My friend Alex and I talk about this often – about being introverts…and how uncomfortable it can be when those around us often try to “fix” us because we don’t mind keeping to ourselves or because we would rather be sitting or working alone in some/most cases. I can’t tell you how many times I’ve been called a “loner” or “antisocial” while growing up for just wanting to keep to myself during particular moments in my life. It bothered me more so growing up as a child when teachers would constantly complain to my parents about my “odd” distant behavior, as if I had had a deviant condition of some sort. Yes, we tend to remain quiet…but that doesn’t make our existence any less significant than our extrovert counterparts.
This society encourages us to work in groups, to be outgoing, and sociable. Which is cool, you know. I love the feeling of really connecting to the individuals around me. I find it so empowering, like a breath of fresh air, to be able to engage in conversations that give insight to who those around us really are. I find it is so easy for all of us to fall trap and to forget that our teachers and professors are more than the subjects they teach, that our boss has a life outside of work (well, maybe not all bosses…), and that our peers are not 2-D dimensional nor simply defined by meaningless stereotypes. I find these moments in my life much more significant than when I am forced to engage in small talk about the weather or having to answer questions like, “How are you doing?” only for me to answer with the expected “Fine”.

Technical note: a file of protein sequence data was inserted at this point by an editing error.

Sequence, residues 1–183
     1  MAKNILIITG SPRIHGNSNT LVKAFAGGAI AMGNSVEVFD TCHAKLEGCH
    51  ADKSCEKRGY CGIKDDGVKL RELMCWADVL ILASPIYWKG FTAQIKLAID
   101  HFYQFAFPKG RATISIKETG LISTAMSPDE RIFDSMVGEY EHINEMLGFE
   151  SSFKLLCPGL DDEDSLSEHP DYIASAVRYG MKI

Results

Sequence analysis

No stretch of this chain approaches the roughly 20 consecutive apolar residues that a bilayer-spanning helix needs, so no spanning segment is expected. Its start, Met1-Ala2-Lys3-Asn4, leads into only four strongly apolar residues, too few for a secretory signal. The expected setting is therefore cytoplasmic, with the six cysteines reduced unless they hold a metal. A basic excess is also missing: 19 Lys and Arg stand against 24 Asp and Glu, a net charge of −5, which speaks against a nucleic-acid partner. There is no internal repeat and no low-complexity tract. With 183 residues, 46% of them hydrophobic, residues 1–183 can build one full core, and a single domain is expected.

Anyway, I’m rambling. Writer and TED speaker, Susan Cain speaks more so in depth about well…people like me (and my friend Alex) and The Power of Introverts.
(You can also read the TIME Magazine article titled,The Upside Of Being An Introvert (And Why Extroverts Are Overrated) by Bryan Walsh here.)